The methodologies (described below) are adapted to be performed by one or more computer processors or dedicated rendering device in an object-based audio system such as the Dolby Atmos™ cinema or Dolby Atmos™ home system. A system-level overview of such an audio system from audio capture to audio playback is illustrated schematically in FIG. 2. System 1 includes an audio content capture subsystem 3 responsible for the initial capture of audio from an array of spatially separated microphones 5-7. Optional storage, processing and format conversion can also be applied at block 9. Additional mixing is also possible within some embodiments of subsystem 3. The output of capture subsystem 3 is a plurality of output audio channels 11 corresponding to the signals captured from each microphone. These channel signals are input to a content authoring subsystem 13, which, amongst other functions, performs spatial audio processing 15 to identify audio objects from the channel signals and determine position data corresponding to those audio objects. The output of spatial audio processing block 15 is a number of audio objects 17 having associated metadata. The metadata includes position data, which indicates the two-dimensional or three-dimensional position of the audio object in an audio environment (typically initially based on the environment in which the audio was captured), rendering constraints as well as content type (e.g. dialog, effects etc.). Depending on the implementation, the metadata may include other types of data, such as object width data, gain data, trajectory data, etc. Some audio objects may be static, whereas others may move through an audio scene. The number of output audio objects 17 may be greater, fewer or the same as the number of input channels 11. Although the outputs are designated as audio objects 17, it will be appreciated that, in some embodiments, the audio data associated with each audio object 17 includes data relating to more than one object source in the captured audio scene. For example, one object 17 may include audio data indicative of two different vehicles passing through the audio scene. Furthermore, a single object source from the captured audio scene may be present in more than one audio object 17. For example, audio data for a single person speaking may be encapsulated into two separate objects 17 to define a stereo object having two audio signals with metadata.

Objects 17 are able to be stored on non-transient media and distributed as data for various additional content authoring such as mixing, and subsequent rendering by an audio rendering subsystem 19.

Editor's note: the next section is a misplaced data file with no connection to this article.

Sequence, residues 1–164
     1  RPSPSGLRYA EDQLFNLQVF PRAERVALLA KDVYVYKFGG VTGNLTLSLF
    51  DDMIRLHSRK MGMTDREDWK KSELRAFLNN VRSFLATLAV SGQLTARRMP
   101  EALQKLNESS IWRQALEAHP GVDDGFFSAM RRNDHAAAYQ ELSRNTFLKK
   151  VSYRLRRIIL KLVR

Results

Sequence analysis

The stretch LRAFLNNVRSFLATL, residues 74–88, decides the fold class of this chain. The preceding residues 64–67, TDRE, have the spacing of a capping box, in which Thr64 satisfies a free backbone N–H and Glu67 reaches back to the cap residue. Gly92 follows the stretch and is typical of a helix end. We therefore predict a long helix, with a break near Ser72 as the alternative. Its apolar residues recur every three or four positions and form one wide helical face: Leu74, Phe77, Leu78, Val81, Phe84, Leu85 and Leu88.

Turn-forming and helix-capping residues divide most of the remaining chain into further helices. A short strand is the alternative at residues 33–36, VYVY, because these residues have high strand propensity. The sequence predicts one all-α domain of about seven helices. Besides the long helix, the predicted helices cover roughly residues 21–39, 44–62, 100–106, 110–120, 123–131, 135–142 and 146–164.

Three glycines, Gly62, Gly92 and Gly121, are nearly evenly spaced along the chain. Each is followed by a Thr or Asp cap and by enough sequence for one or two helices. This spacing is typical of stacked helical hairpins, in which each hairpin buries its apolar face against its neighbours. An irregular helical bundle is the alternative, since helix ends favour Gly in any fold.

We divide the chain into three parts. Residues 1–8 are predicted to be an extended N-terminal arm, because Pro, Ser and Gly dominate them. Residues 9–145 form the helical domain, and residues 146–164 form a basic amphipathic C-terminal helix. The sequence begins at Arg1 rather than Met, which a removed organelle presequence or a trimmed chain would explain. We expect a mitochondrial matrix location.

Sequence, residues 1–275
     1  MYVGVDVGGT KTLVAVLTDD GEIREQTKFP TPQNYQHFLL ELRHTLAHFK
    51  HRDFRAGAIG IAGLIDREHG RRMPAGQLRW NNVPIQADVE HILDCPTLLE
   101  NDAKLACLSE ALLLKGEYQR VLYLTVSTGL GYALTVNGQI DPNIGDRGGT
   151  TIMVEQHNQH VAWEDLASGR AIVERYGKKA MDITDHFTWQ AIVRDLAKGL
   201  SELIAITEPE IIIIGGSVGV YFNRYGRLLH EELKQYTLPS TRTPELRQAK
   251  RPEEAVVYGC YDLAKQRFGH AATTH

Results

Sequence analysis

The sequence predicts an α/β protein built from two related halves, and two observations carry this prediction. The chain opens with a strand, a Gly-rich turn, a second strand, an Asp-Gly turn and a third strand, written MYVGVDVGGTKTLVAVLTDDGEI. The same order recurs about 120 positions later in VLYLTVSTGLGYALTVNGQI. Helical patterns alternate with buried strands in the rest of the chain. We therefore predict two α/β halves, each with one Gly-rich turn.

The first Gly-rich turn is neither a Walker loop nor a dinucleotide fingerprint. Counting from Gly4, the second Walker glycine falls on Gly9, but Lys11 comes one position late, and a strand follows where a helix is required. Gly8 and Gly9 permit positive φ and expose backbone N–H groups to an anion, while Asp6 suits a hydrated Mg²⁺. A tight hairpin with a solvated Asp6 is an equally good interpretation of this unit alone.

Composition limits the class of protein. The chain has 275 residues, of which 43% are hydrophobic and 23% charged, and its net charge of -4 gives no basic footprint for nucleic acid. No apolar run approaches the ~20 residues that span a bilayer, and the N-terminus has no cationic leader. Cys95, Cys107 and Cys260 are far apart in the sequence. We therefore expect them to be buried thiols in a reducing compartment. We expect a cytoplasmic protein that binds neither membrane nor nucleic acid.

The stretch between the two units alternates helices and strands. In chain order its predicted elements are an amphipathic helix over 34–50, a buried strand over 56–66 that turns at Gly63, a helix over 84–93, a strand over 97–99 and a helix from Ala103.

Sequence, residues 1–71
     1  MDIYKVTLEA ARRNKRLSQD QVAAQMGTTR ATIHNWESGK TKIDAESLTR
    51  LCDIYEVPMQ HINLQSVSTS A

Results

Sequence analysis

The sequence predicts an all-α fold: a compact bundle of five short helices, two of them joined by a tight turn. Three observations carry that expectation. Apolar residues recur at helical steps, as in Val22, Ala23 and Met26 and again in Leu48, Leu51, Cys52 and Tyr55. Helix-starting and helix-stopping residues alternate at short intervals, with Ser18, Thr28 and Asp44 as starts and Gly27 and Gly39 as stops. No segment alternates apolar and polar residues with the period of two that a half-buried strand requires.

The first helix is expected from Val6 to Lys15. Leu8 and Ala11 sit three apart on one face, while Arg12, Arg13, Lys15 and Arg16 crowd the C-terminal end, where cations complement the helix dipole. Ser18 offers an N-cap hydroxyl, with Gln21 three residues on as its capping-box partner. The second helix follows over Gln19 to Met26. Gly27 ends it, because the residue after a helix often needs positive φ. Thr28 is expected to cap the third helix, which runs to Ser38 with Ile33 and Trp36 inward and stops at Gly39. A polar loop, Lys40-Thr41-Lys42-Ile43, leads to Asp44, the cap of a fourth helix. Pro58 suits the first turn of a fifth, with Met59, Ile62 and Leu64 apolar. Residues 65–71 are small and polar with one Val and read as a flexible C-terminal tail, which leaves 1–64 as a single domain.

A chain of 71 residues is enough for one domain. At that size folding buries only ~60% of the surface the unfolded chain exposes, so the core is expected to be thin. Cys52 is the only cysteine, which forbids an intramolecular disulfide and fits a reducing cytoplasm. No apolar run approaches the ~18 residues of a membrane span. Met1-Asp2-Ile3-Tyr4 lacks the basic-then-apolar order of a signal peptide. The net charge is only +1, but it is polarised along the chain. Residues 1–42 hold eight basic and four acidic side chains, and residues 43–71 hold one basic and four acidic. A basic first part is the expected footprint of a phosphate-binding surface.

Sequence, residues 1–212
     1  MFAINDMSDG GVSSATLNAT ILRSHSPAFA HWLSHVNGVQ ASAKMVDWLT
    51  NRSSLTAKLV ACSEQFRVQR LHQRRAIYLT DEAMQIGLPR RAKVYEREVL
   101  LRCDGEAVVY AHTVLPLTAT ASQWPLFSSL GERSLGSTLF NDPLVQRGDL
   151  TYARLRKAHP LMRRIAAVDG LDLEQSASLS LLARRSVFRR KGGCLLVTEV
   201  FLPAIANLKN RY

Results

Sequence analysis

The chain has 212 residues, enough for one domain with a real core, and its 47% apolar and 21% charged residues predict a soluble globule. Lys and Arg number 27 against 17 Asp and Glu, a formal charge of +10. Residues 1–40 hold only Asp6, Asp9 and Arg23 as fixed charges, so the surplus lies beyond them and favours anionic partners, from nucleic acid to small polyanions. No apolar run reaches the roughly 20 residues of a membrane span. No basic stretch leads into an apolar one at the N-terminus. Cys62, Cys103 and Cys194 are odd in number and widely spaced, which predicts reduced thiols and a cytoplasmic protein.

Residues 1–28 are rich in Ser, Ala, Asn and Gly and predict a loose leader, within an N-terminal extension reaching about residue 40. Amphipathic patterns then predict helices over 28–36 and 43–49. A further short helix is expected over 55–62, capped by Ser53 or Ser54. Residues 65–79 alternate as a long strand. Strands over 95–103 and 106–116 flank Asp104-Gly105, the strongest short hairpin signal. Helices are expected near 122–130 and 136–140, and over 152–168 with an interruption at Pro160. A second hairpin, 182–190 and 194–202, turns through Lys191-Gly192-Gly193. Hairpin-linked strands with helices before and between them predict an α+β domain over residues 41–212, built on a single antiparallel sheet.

At subsystem 19, rendering 21 is performed on objects 17 to facilitate representation and playback of the audio on a target loudspeaker system 23. Rendering 21 may be performed by a dedicated rendering tool or by a computer configured with software to perform audio rendering. The rendered signals are output to loudspeaker system 23 of a playback subsystem 25. Loudspeaker system 23 includes a predefined spatial layout of loudspeakers to reproduce the audio signal within an audio environment 27 defined by the loudspeaker system. Although five loudspeakers are illustrated in system 23, it will be appreciated that the methodologies described herein are applicable to a range of loudspeaker layouts including layouts with two surround loudspeakers (as illustrated), four surround loudspeakers or higher, height plane loudspeakers, etc., in addition to the front loudspeaker pair.

Audio object details may be authored or rendered according to the associated metadata which, among other things, may indicate the position of the audio object in a three-dimensional space at a given point in time. When audio objects are monitored or played back in a reproduction loudspeaker environment, the audio objects may be rendered according to the position metadata using the reproduction loudspeakers that are present in the reproduction environment, rather than being output to a predetermined physical channel, as is the case with traditional channel-based systems such as Dolby 5.1.x and Dolby 7.1.x systems.

Typically, the functions of the various subsystems are performed by separate hardware devices, often at separate locations. In some embodiments, additional processes are performed by the hardware of either subsystems including initial rendering at subsystem 13 and further signal manipulation at subsystem 19.

In alternative implementations, subsystem 13 may send only the metadata to subsystem 19 and subsystem 19 may receive audio from another source (e.g., via a pulse-code modulation (PCM) channel, via analog audio or over a computer network). In such implementations, subsystem 19 may be configured to group the audio data and metadata to form the audio objects.

The present invention is primarily concerned with the rendering 21 performed on objects 17 to facilitate playback of audio on loudspeaker system 23 that are independent of the recording system used to capture the audio data.

Method Overview

Referring to FIG. 3, there is illustrated a process flow diagram illustrating the primary steps in a method 30 of rendering an audio signal for a reproduction audio environment defined by a target loudspeaker system. Method 30 is adapted to be performed by a rendering device such as a dedicated rendering tool or a computer configured to perform a rendering operation. The operations of method 30 are not necessarily performed in the order shown. Moreover, method 30 (and other processes provided herein) may include more or fewer operations than those that are indicated in the drawings and/or described. Further, although method 30 is described herein as processing a single audio channel containing a single audio object, it will be appreciated that this description is for the purposes of simplifying the operation and method 30 is capable of being performed, simultaneously or sequentially, on a plurality of audio channels, each of which may include a plurality of audio objects.